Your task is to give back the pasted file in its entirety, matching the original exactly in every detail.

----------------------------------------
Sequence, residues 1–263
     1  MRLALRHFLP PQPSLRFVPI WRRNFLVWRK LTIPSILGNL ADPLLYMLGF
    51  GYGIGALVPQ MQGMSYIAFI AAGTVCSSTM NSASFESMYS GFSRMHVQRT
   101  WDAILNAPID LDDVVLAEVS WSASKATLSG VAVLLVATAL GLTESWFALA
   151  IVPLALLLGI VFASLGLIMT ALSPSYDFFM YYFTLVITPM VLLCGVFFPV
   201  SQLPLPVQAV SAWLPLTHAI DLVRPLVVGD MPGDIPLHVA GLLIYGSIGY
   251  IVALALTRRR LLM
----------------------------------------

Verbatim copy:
Sequence, residues 1–263
     1  MRLALRHFLP PQPSLRFVPI WRRNFLVWRK LTIPSILGNL ADPLLYMLGF
    51  GYGIGALVPQ MQGMSYIAFI AAGTVCSSTM NSASFESMYS GFSRMHVQRT
   101  WDAILNAPID LDDVVLAEVS WSASKATLSG VAVLLVATAL GLTESWFALA
   151  IVPLALLLGI VFASLGLIMT ALSPSYDFFM YYFTLVITPM VLLCGVFFPV
   201  SQLPLPVQAV SAWLPLTHAI DLVRPLVVGD MPGDIPLHVA GLLIYGSIGY
   251  IVALALTRRR LLM